The future of wealth management
The famous American publisher Tim Oreilly recently wrote a bestselling book titled “WTF?: What’s the Future and Why It’s Up to Us “ He mentioned something quite profound, which he heard from the Chief Economist at Google. The economist told him that if you want to know what will become popular or ubiquitous in the future, look at what rich people enjoy today.
What he meant was that wealth gives the power to choose a range of options for welfare and wellbeing. The choices the rich people make today tend to be something the rest of the population aspires to and what they will acquire when optimized for broader markets.
This observation explains a lot of seeming irrationality in human behaviour and gives us a template to be able to make educated guesses about what will become the next big thing.
It was surprising to hear that people were in queues to watch movies during the American Great Depression. It was a luxury that seemed most could not afford, but they, nevertheless, indulged in it. The observation by the economist also explains the reason why smartphones have become ubiquitous, and it has a theoretical explanation.
Mark Suster, the US venture capitalist, once wrote a compelling essay on his approach to Internet startup investments titled – “The Amazing Power of Deflationary Economics for Startups.”
In his article, Mark explained that while the Internet has reduced transaction costs for distribution of content and applications for everyone, the most successful startup entrants are – “Ones that offer amazing value (low relative margins) at high volumes that make it nearly impossible for high-cost incumbents to compete.”
He calls the phenomenon “Deflationary Economics.” The new entrants disruptively change the underlying economics of sectors and industries while using the advantages provided by the Internet.
Most disruptive startups start from fringe markets, and these are usually markets composed of poor people who are non-consumers of products provided by the incumbents.
The startups initially provide a lower quality version of these products at lower margins but rapidly make up for it with volumes. The quality improves over time as well, making existing customers of the incumbents see no reason to continue paying a premium.
Companies providing luxury or premium-priced products will inadvertently end up being targets of disruptive startups because of deflationary economics. Products and services available to the rich today will be those available to the poor or more substantial population tomorrow. That is the entire purpose of “market-creating innovation.”
Wealth and deflation
Wealth itself as a concept is also subject to deflationary economics as nobody loves being poor. Aspiration is the one almost universal thing, and technology helps to reduce poverty and increase wealth in many ways.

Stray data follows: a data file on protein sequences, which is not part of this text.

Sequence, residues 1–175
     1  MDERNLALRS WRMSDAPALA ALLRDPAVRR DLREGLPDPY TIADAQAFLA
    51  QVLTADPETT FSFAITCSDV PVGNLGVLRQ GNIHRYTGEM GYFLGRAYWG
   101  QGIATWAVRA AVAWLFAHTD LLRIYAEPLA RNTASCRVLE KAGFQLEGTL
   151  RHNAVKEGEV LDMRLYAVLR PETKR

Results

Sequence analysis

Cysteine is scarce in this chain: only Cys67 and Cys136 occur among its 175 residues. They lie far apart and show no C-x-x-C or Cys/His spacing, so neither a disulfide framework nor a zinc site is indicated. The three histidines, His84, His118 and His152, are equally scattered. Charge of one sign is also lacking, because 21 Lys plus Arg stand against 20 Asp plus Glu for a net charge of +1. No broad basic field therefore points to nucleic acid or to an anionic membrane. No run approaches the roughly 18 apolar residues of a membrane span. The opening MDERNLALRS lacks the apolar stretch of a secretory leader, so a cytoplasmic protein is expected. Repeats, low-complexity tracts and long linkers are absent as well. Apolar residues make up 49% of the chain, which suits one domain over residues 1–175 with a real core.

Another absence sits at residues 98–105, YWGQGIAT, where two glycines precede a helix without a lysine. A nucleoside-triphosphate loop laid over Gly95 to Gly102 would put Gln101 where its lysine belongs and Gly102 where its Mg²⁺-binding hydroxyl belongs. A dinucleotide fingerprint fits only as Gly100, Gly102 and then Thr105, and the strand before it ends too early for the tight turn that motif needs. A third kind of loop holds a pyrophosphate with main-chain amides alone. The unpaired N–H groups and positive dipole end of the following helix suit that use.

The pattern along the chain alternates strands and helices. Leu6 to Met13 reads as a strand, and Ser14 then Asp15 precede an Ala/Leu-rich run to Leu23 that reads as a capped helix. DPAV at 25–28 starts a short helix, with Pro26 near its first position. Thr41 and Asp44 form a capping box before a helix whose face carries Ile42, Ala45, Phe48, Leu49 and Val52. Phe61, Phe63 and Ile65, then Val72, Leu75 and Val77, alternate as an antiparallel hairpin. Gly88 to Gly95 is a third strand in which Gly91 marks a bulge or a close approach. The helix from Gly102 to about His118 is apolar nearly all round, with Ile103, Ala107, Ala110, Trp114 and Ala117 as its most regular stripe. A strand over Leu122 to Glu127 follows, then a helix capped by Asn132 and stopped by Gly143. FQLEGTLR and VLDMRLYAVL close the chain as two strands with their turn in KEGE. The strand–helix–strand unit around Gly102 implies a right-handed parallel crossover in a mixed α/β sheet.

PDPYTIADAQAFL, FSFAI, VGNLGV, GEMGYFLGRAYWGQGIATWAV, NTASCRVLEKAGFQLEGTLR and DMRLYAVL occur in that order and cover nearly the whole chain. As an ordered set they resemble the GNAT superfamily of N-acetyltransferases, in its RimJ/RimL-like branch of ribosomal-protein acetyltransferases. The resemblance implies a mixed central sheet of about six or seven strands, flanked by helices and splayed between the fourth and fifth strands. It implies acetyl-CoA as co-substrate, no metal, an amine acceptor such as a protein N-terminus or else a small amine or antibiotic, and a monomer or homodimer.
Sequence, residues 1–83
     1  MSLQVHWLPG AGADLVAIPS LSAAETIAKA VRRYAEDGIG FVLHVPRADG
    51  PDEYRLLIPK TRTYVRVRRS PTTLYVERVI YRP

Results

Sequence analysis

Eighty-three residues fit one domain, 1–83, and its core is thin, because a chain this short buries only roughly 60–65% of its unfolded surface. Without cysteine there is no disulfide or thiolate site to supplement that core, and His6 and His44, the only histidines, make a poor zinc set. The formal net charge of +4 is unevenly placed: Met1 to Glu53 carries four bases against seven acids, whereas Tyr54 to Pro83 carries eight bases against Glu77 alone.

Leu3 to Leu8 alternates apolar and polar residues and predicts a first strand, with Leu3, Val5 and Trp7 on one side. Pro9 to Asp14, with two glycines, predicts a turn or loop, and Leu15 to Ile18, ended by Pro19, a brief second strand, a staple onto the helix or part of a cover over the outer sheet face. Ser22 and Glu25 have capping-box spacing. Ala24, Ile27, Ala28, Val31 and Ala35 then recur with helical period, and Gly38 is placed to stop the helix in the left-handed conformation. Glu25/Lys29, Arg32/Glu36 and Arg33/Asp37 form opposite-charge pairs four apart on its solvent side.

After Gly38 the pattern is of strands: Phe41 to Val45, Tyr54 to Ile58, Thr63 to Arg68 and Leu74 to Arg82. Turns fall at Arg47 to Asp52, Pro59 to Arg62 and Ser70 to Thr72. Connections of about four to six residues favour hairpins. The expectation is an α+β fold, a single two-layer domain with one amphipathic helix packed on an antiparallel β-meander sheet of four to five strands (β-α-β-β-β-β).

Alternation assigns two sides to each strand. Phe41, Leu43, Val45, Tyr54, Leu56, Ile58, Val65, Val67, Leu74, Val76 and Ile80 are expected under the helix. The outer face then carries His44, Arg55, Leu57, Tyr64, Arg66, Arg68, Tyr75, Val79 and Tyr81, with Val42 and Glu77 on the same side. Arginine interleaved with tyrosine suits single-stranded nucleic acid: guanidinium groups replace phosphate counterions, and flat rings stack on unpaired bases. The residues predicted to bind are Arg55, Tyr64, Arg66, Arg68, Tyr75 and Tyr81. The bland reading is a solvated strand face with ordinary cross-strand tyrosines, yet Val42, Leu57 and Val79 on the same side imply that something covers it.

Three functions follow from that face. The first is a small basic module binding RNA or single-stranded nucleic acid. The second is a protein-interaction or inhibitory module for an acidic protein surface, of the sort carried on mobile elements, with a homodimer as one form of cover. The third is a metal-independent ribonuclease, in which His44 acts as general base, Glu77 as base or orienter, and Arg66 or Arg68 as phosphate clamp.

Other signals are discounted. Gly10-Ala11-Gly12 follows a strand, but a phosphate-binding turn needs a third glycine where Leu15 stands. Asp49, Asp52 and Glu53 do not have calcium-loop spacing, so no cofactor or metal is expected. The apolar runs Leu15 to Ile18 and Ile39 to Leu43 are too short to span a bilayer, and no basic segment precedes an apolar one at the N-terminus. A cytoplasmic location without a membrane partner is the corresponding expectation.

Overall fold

It is conventional wisdom for people looking at the market opportunity to seek those with disposable income rather than the possibility of creating more income and wealth for those with limited income.
The truth is that creating opportunity is in itself an opportunity, and with new markets created by deflationary economics, new wealth gets created. While it may be smaller and in pockets, technology also helps with aggregating it and compounding it through investments.
Social cooperatives are as old as the first human communities and tribes, but now, African technology companies are using that model to help maximize wealth at the bottom. These entities increase opportunities by making non-traditional investments that traditional financial institutions will not make.
Artificial intelligence is also helping us to understand the risk at the bottom better. There are more retail lending companies springing up to lend to the poor traditionally excluded from financial institutions. The best of these companies are cooperatives who lend money to their members.
The Next Big Thing
While all the financial services and wealth management innovations at the bottom seem to be small and in pockets, they are deflationary and potentially disruptive. They possess the ability to scale rapidly to a massive proportion of the population.
While most think it is the new financial technology (fintech) companies who are doing their best to morph into traditional institutions (like banks) who will bring the poor into existing financial services structures; I believe they won’t be as effective as cooperatives or investment entities that help the poor to become more prosperous.
The “job to be done” for the poor is not faster financial services but more rapid wealth creation. Poor people want flying cars and not quicker horses. Efficient payments and other efficiency innovations in financial services are a race to zero transaction costs as nobody likes to pay tolls for moving money around. The long term viability of those models is in doubt.
The rich people enjoy many things today, and the most important of them is remaining rich. While “Wealth Management for the Poor” may sound like an oxymoron, it is going to become the next big thing. It is already being made possible by technology.
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